Organizational democracy key to being a business for world benefit
Freedom-centred workplaces impact human development and society

Traci Fenton, CEO and founder of WorldBlu, says she would like to see a heightened global awareness that organizational democracy is an effective way to achieve the goal of Business as an Agent of World Benefit (BAWB).

Fenton presented a workshop at the 2009 BAWB Global Forum, which brought 600 thought leaders and experts together to discuss the theme Manage by Designing in an Era of Massive Innovation. The next Global Forum is slated for 2011.

Fenton says she was excited to see several hundred people gathered to talk about how to design business in order to be an agent of world benefit.

“Those two things of recognizing the value of design thinking and recognizing that business can be an agent of world benefit were to me very thrilling, and very important,” she tells Axiom News.

“I was so excited to speak at this conference because I think this theme of design thinking and the fact that business can be an agent of world benefit in the way they frame it is really powerful and really significant and very visionary, and so I was honoured to be able to be a part of that conversation,” says Fenton.

Fenton says keynote speaker Bill McDonough had a great opening remark when he said, “I see design as the first signal of human intention.” If we look at how businesses are designed and how they operate the intention is often control to get a certain outcome, she says.

During her workshop entitled Designing Freedom: Using Design Thinking to Create Freedom-Centred Companies, Fenton shared how businesses can be designed based on principles of freedom and democracy rather than fear and control and still have the desired outcomes.

Fenton says she presented to a packed room and had many attendees talk with her afterwards about how they could move forward to design a company based on democratic principles.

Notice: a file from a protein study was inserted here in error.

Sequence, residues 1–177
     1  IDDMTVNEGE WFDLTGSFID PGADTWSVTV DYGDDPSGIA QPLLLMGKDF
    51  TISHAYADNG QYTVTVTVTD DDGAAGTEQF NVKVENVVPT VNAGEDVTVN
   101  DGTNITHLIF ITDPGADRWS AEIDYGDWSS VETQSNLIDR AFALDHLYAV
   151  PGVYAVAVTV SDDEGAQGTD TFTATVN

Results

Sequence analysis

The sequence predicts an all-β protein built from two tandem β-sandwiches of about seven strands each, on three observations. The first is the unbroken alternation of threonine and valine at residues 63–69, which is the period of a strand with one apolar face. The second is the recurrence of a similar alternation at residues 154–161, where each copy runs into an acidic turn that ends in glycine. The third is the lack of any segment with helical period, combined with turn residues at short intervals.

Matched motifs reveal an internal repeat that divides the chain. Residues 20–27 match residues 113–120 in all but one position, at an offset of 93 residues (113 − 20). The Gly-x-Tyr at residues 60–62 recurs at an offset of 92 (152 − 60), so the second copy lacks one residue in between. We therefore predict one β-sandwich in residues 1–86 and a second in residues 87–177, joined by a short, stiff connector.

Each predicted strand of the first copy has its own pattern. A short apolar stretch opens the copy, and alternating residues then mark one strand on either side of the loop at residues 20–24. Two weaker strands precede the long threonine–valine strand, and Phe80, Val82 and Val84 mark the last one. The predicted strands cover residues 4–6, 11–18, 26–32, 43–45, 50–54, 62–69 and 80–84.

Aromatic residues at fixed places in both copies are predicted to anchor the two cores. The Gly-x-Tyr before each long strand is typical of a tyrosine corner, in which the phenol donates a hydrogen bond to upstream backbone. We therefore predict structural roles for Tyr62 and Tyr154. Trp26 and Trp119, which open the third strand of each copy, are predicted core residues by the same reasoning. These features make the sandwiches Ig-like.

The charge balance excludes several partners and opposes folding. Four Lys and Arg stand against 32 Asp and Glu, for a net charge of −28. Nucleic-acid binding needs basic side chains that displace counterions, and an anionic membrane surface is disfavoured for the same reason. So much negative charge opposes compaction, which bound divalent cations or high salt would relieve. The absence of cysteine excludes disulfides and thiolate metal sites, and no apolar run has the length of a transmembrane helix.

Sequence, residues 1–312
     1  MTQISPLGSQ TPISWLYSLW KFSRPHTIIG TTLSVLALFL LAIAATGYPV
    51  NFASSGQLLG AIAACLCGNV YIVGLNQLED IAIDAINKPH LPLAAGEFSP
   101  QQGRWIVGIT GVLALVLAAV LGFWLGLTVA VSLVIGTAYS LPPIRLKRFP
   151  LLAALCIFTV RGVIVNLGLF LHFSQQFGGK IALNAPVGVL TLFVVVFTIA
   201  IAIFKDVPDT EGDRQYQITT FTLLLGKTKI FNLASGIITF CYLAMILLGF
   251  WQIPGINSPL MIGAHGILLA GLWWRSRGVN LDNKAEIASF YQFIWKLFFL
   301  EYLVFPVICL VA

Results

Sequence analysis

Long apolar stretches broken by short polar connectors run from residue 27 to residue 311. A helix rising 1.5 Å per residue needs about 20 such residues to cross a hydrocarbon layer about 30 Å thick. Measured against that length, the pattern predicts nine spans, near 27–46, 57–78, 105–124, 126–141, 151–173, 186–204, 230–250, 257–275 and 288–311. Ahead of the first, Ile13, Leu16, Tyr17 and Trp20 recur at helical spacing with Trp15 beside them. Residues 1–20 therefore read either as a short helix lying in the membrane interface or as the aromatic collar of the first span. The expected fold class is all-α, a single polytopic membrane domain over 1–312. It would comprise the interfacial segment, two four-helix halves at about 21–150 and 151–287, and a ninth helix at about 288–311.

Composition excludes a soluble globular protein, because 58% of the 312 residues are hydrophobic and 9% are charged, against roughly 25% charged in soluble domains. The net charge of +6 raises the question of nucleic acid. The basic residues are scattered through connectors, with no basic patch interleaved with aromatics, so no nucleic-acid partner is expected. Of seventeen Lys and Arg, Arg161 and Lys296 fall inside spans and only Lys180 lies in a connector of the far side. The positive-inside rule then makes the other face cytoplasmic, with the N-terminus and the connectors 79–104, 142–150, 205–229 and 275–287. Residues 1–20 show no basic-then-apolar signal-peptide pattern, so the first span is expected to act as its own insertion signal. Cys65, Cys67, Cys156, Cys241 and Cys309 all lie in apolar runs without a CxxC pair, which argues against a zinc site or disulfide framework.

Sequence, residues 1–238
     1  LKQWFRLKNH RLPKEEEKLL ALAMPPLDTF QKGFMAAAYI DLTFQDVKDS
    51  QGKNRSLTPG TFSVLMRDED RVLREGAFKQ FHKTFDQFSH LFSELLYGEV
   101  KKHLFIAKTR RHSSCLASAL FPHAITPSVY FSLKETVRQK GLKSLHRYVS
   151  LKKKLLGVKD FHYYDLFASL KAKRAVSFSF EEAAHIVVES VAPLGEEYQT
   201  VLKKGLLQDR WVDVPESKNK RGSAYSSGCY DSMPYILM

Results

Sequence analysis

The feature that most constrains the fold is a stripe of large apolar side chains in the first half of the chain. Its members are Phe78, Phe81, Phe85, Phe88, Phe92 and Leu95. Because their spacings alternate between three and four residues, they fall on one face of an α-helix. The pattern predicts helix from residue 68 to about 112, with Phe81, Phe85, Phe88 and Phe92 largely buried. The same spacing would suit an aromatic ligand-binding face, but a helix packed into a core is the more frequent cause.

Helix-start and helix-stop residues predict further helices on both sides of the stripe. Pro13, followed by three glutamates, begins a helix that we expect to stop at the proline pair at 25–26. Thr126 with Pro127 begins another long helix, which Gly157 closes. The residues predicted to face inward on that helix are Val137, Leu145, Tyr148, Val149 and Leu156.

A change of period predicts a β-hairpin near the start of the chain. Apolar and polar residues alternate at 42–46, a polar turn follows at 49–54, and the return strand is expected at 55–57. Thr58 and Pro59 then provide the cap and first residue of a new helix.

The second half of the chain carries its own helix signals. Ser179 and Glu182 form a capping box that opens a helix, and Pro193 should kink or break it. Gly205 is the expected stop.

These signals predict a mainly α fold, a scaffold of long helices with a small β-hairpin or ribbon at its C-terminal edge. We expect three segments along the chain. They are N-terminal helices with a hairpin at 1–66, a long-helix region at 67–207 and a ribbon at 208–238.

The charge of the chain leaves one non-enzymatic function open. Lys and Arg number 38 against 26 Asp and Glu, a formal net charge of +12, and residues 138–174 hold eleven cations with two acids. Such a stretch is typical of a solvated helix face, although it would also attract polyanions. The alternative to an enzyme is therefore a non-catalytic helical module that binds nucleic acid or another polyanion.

WorldBlu, an Austin, Texas-based leadership and business design studio specializing in organizational democracy, is formally launching its campaign to build 20,000 democratic companies by 2020 at its next WorldBlu LIVE event in 2010. Fenton says this campaign will start getting the message of organizational democracy out in a more mainstream way.

There are two key ways organizational democracy links to business being an agent of world benefit, she says.

The first is human development. When an organization is designed to operate democratically the employees have the opportunity to develop as human beings, notes Fenton. Democratic workplaces require employees to be collaborative, to dialogue in a way that is constructive, to find common ground, to develop self-esteem, to develop self-confidence, and to develop a sense of self-discipline and self-government, she says.

“These are all things that contribute to human development and if businesses understood that the way they designed the business to operate either helps or hinders our development as human beings, I think they would be much more mindful about the way they design a business to operate,” says Fenton.

The second way organizational democracy contributes to being a business as an agent of world benefit is in the ripple effect that democratically run companies have on their communities.

Fenton points to the quantitative research from Gretchen Spreitzer, professor of management and organizations at the Stephen M. Ross School of Business at the University of Michigan, that found the following four ways a democratic and participatory company impacts the community: fighting corruption, increasing economic prosperity in the community, increasing the level of civic engagement and increasing peace.

To learn more about WorldBlu, visit, and to learn more about the BAWB Global Forum click here.

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